There were as many adults as children, and the adults were paying lots of attention to the kids, a main ingredient in a happy mixed-age experience. And Daddy Honey was there, doing his Daddy Honey thing, which in our family is like having the big, sturdy ship to sail on.

It's not always like this, and that's a tough truth since, as the paid person in the religious education position, I am often partly responsible--or at least seen as partly responsible--for the times we fall short of creating this kind of wonderful. But last night, it was there, and as the parent of two deliriously happy little boys, I was thankful for it.

Friday, December 14, 2012

the 5th night of Hannukah

Last night was our neighbor Gabrielle's weekly movie night, but it was also the 5th night of Hannukah. She and I joke about being dormant Jews, since her mother and maybe my maternal great-great-grandmother were Jewish. How one or others define or claim Jewishness has varied over the centuries and locations, and relates to genealogy, culture, and religion. But one of the more well-known notions is that one born to a Jewish mother is Jewish.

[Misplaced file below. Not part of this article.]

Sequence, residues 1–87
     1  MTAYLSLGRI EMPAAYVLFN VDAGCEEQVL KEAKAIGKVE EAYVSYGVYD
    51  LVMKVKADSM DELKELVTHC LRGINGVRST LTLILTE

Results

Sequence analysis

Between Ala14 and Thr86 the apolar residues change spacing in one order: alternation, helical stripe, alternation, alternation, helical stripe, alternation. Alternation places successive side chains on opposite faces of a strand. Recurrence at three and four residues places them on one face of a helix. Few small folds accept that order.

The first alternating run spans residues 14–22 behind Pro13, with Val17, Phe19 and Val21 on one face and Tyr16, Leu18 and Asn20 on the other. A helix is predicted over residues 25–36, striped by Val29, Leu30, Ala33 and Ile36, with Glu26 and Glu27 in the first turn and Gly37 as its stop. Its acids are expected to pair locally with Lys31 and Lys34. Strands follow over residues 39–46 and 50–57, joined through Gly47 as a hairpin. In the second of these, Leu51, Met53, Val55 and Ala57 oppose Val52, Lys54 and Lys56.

But really, that's just playing. Last night, we did Hannukah for real. At the movie night were Yaniv and Daniel, Yaniv who is Israeli and Daniel who was raised Jewish but hasn't practiced for a long time. Daniel made sweet potato latkes and salmon. There was a  little silver menorah, which they lit while reciting the prayer in Hebrew. Then Yaniv, who is a terrific jazz keyboardist, played and sang several Hannukah and pouplar Israeli songs in Hebrew.